The personal chapter has been.....interesting.  Last summer Logophile came to visit and we took Philadelphia and turned it upside down.  We had a fantastic time! Then after twenty years, I finally got my entire crew back to my beloved Trinidad.  I had been back a couple times in between there but it had been twenty years for my girls and my son had only been there in utero. It was a rich and wonderful time for us all to share together with each other and with the friends there who are more like family.

There has been the strange space of learning to parent adult children as they navigate their own joys and dilemmas, both big and small. There is the equally strange space of watching our own parents age, decline, and losing Mr. Lime's mother. The shifting shapes of family as some ties strengthen and others weaken for a variety of reasons makes for an interesting range of different perspectives on old events and new directions.

The strangest space of all has been the effect of finally deciding it's time to search for my birthmother,  the process of finding her, and the psychedelic warp of perspective that has offered.

11 comments:

Anvilcloud said...

Nice catchup and good luck with your search.

Jazz said...

Nice to have you back!

Craig said...

Wow. . . you've been busy!

Thought of you recently - CNN has been running a little mini-series on Trinidad. . .

And listen, I don't know how much help I can actually be, but you know I'll do whatever I can to help you with your search. I hope yours goes even a tenth as well as mine has. . .

Stephen Hayes said...

I wondered where you'd gone. Glad to hear from you again

Secret Agent Woman said...

Wow, that's big news! Welcome back and I hope it goes well. (I searched for my sister who my parents had placed for adoption before they married and found her. It's been great having her in the family.)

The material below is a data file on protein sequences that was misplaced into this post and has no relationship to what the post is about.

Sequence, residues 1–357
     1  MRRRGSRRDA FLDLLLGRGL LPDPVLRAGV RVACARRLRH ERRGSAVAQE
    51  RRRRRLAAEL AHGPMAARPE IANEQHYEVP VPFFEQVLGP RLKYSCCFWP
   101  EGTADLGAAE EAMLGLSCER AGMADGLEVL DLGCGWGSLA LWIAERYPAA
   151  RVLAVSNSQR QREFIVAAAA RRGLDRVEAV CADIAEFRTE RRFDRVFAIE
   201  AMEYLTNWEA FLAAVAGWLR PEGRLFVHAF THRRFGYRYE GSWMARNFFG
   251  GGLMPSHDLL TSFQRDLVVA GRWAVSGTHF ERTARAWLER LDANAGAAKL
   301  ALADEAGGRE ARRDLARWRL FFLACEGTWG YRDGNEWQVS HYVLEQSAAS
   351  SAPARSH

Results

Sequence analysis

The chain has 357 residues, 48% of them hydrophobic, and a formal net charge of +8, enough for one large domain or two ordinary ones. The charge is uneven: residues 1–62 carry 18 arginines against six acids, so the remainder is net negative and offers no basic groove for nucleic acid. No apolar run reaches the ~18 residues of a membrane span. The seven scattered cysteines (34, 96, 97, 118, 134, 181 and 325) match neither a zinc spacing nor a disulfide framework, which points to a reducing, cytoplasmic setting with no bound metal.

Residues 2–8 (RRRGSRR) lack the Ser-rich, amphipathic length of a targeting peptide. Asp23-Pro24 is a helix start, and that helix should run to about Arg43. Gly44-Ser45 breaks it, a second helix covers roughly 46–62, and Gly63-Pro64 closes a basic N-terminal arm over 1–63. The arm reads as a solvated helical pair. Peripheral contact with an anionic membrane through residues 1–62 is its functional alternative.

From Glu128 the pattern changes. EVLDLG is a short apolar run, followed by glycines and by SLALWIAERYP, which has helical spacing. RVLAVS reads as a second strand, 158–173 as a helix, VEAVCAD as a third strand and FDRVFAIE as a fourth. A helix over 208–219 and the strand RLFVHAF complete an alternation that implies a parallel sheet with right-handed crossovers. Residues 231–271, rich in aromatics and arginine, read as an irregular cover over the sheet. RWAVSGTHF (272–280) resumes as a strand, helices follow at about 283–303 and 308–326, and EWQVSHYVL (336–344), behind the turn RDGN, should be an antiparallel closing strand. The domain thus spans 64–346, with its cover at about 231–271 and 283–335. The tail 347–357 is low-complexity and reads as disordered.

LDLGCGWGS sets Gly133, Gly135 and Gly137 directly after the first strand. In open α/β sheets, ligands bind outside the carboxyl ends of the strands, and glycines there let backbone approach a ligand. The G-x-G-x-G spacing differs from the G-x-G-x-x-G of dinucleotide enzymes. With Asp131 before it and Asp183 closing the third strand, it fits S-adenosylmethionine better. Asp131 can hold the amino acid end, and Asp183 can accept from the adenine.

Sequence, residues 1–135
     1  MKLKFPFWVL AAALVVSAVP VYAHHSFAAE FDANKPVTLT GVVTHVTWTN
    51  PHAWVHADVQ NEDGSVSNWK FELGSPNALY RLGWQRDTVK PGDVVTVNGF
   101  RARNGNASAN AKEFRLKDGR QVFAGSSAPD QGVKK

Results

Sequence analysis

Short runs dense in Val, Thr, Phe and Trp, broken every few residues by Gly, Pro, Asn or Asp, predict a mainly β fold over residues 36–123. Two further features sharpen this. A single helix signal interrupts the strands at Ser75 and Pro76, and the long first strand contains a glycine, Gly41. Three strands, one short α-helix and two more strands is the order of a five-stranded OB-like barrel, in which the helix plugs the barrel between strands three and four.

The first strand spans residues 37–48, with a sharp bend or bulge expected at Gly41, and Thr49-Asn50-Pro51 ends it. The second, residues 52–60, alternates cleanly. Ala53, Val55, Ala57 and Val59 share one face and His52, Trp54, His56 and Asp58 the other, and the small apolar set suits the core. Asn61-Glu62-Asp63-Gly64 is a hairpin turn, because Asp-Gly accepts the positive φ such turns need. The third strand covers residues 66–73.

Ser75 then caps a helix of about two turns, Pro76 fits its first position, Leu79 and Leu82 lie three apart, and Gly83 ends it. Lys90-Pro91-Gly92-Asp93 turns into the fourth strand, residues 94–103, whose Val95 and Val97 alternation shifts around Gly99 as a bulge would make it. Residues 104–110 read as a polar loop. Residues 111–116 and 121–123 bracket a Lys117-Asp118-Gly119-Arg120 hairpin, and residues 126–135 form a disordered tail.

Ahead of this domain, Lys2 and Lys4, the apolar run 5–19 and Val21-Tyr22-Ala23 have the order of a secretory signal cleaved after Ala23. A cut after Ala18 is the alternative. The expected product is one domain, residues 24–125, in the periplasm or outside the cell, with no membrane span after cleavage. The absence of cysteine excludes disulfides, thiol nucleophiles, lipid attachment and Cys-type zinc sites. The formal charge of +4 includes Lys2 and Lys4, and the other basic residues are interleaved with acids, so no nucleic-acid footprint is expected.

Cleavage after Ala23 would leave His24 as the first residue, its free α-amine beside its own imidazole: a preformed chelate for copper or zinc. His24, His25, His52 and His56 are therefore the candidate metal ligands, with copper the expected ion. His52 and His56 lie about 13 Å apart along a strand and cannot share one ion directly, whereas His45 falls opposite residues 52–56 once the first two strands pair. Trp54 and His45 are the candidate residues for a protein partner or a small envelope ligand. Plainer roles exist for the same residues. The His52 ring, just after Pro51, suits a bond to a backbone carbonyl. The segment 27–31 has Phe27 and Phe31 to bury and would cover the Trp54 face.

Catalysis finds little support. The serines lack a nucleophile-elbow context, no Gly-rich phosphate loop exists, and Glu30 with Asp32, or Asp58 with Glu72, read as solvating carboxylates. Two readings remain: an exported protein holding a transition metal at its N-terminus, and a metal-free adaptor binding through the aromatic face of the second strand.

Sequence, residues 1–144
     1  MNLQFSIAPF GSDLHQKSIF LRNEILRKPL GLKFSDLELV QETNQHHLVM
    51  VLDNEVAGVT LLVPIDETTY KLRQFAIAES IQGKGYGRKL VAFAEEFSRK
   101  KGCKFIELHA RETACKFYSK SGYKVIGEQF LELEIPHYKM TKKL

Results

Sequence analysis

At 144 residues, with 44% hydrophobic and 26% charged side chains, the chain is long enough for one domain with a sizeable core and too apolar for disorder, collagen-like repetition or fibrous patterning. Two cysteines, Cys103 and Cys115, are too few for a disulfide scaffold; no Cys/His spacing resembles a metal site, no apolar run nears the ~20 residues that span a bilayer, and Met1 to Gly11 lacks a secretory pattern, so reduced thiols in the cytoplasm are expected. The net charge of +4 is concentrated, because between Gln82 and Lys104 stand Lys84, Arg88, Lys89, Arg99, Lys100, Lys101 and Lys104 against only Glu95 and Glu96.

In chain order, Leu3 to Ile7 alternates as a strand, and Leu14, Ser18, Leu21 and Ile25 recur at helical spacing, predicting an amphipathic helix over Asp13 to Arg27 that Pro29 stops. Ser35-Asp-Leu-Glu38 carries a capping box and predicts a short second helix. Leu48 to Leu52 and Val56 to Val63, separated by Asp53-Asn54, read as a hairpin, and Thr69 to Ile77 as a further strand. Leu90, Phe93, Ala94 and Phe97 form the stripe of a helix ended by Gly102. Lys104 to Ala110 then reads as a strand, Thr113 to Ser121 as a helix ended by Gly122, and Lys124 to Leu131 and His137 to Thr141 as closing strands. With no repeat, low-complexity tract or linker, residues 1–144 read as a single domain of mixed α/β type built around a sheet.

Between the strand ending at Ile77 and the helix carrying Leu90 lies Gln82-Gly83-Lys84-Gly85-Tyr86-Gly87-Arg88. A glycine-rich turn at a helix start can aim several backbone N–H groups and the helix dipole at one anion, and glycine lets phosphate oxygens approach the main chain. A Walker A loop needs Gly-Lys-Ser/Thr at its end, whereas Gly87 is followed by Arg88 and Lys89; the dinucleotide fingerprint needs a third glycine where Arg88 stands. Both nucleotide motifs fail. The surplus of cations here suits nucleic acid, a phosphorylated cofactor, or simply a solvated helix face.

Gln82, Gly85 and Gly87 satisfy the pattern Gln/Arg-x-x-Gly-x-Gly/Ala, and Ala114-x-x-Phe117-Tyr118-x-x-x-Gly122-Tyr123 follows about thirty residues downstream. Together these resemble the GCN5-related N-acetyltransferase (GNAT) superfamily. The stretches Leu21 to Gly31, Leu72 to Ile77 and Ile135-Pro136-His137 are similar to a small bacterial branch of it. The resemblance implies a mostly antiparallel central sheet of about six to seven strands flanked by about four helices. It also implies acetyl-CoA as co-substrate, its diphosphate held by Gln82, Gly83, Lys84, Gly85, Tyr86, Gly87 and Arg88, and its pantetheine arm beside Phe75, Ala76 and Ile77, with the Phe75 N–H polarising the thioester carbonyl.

lime said...

anvil & jazz, thanks!

craig, someone else mentioned that series. i need to look it up.

stephen, life moves pretty fast sometimes.

secret agent, that's really great to hear about you and your sister!

Suldog said...

I nice bit of catching up, and some teasers for possible future visits. What more could a Suldog ask for? Of course, I've had the inestimable pleasure of being visited in my own city by you, so I'm a big one up on many of your readers...

coopernicus said...

where's the Like button???

lime said...

Suldog, our visits have yielded some cherished memories!

Coopernicus, disorienting here isn't it?

S said...

Hey Chica,
You know how you mentioned your kids...going to Trini pregnant, birthing her. Then Calypso....made and born there, then baby boy.....made there, born elsewhere...
That is exactly like me and my siblings. My mom was pregnant with my sis when we moved to Eritrea..oops, they moved bc I wasn't made yet, Then she was born, then I was made and born there, then my brother was made there but born in Charleston, So Carolina.
Coollll coincidence.
Welcome back to blog land!

It's.a.crazy.world said...

Glad to see you've come back to blogging....I always enjoy your posts. It is funny how the "dysfunctional" is glaringly obvious from a distance.